Using procdump on Linux to dump credentials

I like using procdump on Windows.

It’s quite handy for software development when systems have memory leaks or performance issues, procdump allows to set thresholds to trigger creation of a core dump.

BUT, it’s also super useful to search processes for secrets and other information.

For instance, this one liner will dump the memory of all processes to hard disk and then you can search them as you see fit.

Get-Process | % { procdump.exe -ma $_.Id }

This is not the most elegant way of course, but I have found this extremely useful at times.

This post is solely focused on procdump, so I wanted to highlight that there is another useful tool on Windows called Mimikittenz, which utilizes ReadProcesMemory to search process memory without creating a file on disk. But, let’s focuson on procdump and Linux!

Procdump on Linux!

procdump is has also available on Linux for some time now. Although it has not gotten as much attention from the security community and pen testers.

procdump in action

In this post I want to highlight some examples on how to use it on Linux to improve your pen testing skills.

Installation

On Ubuntu the Microsoft keys are not trusted by default, so you can either manually build the project or download and trust Microsoft’s keys, and then use sudo apt to install. Detailed instructions for various platforms are located here.

Installing Microsoft’s key on Ubuntu

wget -q https://packages.microsoft.com/config/ubuntu/$(lsb_release -rs)/packages-microsoft-prod.deb -O packages-microsoft-prod.deb
sudo dpkg -i packages-microsoft-prod.deb

Installing procdump

sudo apt-get update
sudo apt-get install procdump

Building procdump from scratch

For pen testing the preferred option (if the tool is not yet available) to build it from scratch. Instructions can be found on procdump's Github repo.

Basic usage and features

When invoking procdump specify the PID and the tool will do its magic to create a core memory dump.

sudo procdump -o /tmp -p 27390

Above I also specified the -o to write the dump to a specific folder.

Most features are useful for debugging performance and memory leak kind of issues. For instance, it’s possible to dump the memory when the CPU is under a certain load and so on.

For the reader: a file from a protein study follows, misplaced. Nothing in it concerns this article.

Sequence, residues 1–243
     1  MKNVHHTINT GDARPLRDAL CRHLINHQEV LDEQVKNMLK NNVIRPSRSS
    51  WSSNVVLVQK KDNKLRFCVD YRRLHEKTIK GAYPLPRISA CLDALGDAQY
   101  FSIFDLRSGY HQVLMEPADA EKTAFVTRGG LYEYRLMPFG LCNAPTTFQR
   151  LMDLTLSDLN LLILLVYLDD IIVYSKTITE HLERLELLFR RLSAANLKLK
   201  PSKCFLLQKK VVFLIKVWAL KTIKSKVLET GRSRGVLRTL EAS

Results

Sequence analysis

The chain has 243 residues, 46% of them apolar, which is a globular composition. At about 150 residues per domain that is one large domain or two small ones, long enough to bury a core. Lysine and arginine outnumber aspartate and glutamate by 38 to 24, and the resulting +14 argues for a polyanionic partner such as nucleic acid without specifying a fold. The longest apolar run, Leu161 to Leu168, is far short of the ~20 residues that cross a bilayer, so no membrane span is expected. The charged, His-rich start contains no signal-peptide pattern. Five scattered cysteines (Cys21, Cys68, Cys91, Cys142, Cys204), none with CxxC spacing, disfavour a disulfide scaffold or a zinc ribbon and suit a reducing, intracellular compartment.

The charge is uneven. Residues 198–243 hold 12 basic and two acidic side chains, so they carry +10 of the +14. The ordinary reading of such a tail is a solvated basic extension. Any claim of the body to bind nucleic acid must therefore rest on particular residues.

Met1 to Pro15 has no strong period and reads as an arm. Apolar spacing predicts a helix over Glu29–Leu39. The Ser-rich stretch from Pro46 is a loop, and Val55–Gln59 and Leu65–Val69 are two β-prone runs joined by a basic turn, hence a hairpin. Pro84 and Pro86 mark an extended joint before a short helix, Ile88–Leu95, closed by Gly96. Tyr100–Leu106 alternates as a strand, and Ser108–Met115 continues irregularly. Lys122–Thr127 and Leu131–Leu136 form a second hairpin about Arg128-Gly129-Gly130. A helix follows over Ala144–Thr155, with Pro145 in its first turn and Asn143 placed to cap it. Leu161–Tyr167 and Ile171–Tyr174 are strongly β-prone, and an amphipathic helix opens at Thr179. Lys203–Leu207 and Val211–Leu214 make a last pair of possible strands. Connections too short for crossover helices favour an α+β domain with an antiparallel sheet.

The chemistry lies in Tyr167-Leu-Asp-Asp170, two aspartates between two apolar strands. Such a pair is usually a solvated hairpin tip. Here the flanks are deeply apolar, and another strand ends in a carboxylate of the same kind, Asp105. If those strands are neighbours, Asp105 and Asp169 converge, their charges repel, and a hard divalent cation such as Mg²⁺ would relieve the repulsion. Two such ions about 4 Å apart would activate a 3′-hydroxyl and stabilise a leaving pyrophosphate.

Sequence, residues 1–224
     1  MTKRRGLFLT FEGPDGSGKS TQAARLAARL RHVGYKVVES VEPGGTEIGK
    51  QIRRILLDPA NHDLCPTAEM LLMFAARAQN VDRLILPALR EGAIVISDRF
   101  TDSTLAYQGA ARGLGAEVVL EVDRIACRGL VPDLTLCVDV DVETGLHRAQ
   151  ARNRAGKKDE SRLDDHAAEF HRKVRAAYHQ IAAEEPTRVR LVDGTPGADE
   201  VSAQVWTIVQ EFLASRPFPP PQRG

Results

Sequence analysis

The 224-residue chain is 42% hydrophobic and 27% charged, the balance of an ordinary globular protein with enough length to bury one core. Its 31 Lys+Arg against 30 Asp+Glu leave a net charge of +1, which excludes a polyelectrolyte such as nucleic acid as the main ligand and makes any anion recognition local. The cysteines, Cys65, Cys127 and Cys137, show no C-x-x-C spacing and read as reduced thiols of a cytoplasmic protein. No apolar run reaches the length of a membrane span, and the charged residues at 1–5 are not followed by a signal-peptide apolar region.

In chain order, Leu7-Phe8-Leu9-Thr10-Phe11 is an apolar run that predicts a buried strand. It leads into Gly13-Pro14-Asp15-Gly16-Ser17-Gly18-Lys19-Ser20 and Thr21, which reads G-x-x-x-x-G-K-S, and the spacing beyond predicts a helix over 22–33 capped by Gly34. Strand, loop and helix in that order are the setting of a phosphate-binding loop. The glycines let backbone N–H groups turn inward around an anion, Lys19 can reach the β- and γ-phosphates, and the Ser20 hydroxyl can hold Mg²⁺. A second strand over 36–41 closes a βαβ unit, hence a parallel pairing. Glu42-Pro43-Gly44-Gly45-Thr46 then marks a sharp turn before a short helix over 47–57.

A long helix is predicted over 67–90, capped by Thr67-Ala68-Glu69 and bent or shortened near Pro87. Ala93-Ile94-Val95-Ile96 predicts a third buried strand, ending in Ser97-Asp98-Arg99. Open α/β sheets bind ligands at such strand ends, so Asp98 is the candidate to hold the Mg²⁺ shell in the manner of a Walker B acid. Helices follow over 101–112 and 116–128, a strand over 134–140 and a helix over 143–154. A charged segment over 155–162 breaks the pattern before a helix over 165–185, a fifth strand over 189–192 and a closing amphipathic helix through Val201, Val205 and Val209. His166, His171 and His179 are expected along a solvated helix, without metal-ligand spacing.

These features are less interesting for red teamer’s nefarious purposes.

It’s also possible to use the imagename instead of the PID with the -w options, for instance:

sudo procdump -w firefox

This will write a core memory dump of the browser to the hard drive, and afterwards one go credential hunting and look for passwords and cookies inside it.

Demo Scenario

Let’s say the malicious engineer wants to see what another user is up to on a Jumpbox.

The attacker already pivoted onto that host and now is inspecting the processes and notices that user Bob is working in nano.

Attacker uses procdump on Bob’s nano process

sudo procdump -w nano

This is how the output looks like: Attacker dumping nano

Attacker searches the core memory dump for interesting information

The next step is to analyze the memory dump, let’s to a simple string search and grep:

~$ strings nano_time_2021-08-09_10\:23\:42.3197  | grep password
password="
password=helloWorld!

Screenshot of the procedure:

Attacker searching for passwords

After getting a hold of the process memory, you can use grep, strings or the previously mentioned Silver Searcher to search through the core dump files.

What did Bob work on at that moment?

Finally, as a reference, this is how Bob’s session looked like at that point. He was working in nano, using it as a scratchpad for passwords, which he does never store onto disk.

Bob uses nano

The interesting thing is that many developers and engineers do exactly as Bob did. They use ephemeral, non-persistent notepad files, etc. to temporarily hold credentials.

Conclusion

procdump is quite neat and useful. Hope this mini-intro was helpful to learn more about procdump and its existance on Linux.

Cheers, @wunderwuzzi23

References